You have not described the appearance of the "crystals" contained within
the area of the hemorrhage. But, I will go out on a limb here and guess
that they are very dark (brown-black) and "spikey" with sharp points.
If this is the case, what you are looking at is so called "formalin
pigment". not hemoglobin pigment. This is an artefactual pigment
produced by non-buffered (or inadequately buffered) formalin interacting
with the hemoglobin in red cells. It is frequently seen in areas of
hemorrhage or within any other red cell masses. You can confirm its
identity by examining it using crossed polarizers; formalin pigment
(acid formol hematin) will rotate the plane of polarized light and will
appear bright white on a black background. It does not react with any
other demonstration technique. It can be removed by soaking the dewaxed
sections in saturated alcoholic picric acid for 30-60 minutes.
If it is formalin pigment, your next step is to avoid it in future
specimens. This can be easily done by using only buffered formalin
solutions, pH 7.2 (either commercially prepared or following the
directions found in any standard histology text). Prolonged exposure to
formalin fixatives will increase the tendency to produce the pigment,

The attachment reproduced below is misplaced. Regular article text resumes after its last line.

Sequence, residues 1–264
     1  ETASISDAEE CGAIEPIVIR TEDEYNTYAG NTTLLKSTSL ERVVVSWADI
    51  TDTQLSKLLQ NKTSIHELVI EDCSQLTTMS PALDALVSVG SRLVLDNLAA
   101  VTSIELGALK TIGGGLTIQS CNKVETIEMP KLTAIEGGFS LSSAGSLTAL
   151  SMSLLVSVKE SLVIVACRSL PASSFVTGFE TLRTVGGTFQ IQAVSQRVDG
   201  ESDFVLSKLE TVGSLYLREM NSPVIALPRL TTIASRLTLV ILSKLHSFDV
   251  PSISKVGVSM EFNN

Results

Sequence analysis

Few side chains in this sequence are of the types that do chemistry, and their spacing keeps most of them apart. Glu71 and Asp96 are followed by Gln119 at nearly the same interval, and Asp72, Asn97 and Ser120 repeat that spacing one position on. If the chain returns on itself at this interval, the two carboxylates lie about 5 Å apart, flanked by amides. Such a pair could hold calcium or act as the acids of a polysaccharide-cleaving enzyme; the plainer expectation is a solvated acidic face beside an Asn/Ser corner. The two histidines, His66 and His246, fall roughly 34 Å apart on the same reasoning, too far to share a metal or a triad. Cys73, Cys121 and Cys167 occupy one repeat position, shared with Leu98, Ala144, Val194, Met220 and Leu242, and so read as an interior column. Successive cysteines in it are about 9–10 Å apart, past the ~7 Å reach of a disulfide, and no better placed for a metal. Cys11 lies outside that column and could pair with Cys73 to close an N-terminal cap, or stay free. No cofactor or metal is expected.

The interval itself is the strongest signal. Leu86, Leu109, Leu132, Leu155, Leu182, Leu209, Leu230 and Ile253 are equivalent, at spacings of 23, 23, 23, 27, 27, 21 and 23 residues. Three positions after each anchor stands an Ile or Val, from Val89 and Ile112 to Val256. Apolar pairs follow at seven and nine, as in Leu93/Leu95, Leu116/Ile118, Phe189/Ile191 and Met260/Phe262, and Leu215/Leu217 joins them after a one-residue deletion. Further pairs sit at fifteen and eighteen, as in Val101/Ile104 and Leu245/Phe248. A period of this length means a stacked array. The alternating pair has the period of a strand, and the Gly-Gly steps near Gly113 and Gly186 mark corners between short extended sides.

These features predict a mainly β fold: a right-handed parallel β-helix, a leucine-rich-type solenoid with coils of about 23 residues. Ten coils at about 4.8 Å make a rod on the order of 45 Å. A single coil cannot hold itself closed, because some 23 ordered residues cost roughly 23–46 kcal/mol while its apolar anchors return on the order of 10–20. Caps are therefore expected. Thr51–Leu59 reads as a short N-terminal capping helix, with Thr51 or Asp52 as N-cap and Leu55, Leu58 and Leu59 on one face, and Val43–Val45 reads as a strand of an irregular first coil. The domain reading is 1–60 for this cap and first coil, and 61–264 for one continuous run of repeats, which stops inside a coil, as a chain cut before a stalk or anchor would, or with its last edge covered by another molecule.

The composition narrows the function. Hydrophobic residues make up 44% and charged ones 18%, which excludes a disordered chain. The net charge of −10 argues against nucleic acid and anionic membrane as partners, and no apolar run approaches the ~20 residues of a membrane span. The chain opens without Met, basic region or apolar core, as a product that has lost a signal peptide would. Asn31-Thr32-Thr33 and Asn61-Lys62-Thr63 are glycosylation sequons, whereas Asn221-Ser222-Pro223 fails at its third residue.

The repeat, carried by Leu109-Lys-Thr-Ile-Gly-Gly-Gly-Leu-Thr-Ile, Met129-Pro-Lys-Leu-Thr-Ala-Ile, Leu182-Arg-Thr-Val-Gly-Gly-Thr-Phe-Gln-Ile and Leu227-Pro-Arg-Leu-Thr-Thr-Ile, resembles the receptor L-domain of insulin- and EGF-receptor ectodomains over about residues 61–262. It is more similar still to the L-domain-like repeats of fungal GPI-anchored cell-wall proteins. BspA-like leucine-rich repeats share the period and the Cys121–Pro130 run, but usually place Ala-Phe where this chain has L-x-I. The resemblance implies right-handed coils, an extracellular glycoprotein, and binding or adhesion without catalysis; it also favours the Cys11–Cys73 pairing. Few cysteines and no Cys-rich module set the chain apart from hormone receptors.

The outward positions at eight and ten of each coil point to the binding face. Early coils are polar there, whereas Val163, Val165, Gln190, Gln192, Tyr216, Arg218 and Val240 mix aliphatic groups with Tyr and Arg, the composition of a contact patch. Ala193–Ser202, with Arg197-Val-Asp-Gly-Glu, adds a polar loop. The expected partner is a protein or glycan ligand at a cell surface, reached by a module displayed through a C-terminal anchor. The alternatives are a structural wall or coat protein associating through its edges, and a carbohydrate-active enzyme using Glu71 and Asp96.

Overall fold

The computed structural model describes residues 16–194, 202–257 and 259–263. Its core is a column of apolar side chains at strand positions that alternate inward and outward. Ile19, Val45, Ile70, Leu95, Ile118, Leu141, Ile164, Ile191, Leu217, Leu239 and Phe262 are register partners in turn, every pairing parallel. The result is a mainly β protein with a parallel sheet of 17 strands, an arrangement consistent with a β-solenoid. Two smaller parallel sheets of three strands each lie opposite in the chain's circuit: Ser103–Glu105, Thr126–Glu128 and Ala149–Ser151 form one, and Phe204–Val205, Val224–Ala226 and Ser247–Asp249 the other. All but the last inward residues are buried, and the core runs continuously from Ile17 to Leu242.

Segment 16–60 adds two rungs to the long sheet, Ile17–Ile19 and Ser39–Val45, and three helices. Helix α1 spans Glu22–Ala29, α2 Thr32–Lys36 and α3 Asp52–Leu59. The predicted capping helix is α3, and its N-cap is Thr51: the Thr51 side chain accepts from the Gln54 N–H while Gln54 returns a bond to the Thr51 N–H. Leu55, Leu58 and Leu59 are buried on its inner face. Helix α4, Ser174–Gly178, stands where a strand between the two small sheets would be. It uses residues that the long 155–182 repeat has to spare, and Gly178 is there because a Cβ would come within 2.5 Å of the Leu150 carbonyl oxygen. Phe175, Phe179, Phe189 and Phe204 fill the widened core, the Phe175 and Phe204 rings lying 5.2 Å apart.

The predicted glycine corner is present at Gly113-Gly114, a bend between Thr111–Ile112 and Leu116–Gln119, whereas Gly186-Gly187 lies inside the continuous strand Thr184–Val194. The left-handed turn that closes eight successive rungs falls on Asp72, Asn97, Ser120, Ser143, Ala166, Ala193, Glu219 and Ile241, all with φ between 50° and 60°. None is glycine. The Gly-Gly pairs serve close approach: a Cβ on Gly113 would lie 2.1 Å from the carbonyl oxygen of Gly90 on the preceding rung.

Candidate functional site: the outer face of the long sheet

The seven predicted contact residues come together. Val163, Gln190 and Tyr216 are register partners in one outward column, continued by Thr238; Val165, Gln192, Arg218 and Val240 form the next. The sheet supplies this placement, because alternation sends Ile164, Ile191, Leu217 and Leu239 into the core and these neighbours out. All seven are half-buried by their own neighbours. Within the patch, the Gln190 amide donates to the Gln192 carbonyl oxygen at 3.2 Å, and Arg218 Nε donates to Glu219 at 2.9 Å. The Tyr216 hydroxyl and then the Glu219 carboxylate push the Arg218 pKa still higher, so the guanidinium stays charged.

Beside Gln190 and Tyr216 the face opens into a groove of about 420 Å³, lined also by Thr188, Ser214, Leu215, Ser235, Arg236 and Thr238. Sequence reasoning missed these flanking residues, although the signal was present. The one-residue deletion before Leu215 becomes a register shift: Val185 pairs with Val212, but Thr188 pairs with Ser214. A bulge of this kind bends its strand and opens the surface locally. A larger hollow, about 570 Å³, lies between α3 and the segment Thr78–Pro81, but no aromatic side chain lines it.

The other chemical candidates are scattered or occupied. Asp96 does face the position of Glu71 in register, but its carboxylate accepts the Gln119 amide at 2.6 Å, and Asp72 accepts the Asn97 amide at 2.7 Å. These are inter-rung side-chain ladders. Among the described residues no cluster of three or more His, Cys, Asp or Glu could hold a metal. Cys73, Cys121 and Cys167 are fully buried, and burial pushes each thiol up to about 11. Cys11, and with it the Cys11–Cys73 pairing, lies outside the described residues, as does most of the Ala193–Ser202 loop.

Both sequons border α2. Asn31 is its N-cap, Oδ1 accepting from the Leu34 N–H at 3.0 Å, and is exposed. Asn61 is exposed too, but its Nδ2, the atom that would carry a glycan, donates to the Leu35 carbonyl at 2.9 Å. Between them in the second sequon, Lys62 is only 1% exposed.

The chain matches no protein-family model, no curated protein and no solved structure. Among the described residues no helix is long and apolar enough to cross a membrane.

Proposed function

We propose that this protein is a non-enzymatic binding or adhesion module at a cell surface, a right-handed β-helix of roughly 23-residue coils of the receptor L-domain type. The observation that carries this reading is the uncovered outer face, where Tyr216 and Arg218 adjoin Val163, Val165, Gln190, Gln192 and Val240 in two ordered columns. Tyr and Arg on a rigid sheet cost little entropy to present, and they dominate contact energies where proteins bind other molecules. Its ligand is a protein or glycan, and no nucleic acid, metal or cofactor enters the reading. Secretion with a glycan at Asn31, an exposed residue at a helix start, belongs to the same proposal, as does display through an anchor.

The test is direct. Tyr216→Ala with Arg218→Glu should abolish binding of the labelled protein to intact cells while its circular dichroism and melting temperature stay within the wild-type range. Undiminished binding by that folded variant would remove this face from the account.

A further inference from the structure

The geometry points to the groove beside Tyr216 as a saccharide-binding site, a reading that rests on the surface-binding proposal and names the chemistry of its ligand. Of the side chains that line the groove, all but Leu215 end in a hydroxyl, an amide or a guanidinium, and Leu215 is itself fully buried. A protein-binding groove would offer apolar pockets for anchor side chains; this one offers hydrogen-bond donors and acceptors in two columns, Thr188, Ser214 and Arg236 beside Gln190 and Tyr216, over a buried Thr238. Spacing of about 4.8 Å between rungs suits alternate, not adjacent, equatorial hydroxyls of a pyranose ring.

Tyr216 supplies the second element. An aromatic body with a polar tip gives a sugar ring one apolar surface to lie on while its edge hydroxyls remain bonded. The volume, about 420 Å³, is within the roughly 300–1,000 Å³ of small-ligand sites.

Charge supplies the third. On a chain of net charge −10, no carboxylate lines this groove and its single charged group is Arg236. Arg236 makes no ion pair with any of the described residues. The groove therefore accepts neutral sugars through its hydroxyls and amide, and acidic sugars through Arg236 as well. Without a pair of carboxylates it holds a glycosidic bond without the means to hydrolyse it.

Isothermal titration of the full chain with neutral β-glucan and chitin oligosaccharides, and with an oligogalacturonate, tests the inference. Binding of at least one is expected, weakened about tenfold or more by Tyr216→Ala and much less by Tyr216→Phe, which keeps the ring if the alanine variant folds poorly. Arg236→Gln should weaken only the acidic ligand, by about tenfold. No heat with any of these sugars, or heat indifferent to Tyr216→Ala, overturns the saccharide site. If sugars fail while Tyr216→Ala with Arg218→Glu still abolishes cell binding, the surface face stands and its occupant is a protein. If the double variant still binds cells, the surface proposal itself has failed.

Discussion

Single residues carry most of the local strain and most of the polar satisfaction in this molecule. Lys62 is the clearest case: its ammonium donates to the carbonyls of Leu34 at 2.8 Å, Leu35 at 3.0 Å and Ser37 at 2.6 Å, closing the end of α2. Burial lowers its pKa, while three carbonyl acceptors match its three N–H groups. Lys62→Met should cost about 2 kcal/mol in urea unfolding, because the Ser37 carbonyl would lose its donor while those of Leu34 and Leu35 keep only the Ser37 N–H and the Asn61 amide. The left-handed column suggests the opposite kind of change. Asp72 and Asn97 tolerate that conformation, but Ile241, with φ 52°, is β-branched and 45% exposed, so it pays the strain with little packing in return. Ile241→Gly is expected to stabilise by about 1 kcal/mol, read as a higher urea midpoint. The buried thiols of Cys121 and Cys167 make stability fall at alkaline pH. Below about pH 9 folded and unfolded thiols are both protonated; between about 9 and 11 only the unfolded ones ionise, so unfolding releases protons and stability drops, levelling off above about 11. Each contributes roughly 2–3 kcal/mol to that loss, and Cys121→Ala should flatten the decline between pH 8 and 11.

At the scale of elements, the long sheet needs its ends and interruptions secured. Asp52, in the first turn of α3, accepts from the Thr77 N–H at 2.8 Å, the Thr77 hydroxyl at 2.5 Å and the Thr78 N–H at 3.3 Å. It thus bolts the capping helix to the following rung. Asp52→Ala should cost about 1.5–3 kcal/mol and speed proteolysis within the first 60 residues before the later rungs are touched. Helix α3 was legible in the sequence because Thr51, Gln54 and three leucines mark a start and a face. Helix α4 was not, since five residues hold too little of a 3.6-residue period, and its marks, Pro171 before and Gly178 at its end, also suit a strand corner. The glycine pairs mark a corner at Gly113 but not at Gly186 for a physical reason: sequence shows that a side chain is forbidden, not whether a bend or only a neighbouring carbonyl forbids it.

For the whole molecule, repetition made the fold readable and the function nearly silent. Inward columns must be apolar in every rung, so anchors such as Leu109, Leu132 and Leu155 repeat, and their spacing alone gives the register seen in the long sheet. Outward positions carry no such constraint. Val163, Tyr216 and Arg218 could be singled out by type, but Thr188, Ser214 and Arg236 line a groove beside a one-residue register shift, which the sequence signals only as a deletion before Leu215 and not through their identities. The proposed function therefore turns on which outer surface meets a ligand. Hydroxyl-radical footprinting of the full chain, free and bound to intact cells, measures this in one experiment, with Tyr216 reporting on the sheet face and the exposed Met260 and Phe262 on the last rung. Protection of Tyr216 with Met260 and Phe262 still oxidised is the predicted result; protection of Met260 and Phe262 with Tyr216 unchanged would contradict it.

even when the solutions are buffered. So, keep the fixation time to no
more than 2-3 days. With rat brain (pretty small) this should be
adequate time for thorough fixation.
Jim Manavis wrote:
> Dear Sir or Madam:
> I am a PhD student studying intracerebral haemorrhage in the rat and have
> found numerous crystals contained within the haemorrhage, which I presume
> are haemoglobin crystals, although it would be nice to demonstrate this.
> Pearl's stain doesn't work, presumably because the iron is ferrous and bound
> tightly, and Lillie's method with ferricyanide and HCL likewise doesn't
> work, presumably because the iron is bound. Our standard DAB technique for
> immunohistochemistry doesn't seem to react either. How might I best
> determine whether or not the crystals are haemoglobin crystals?
> Yours Sincerely,
> Tim Kleinig
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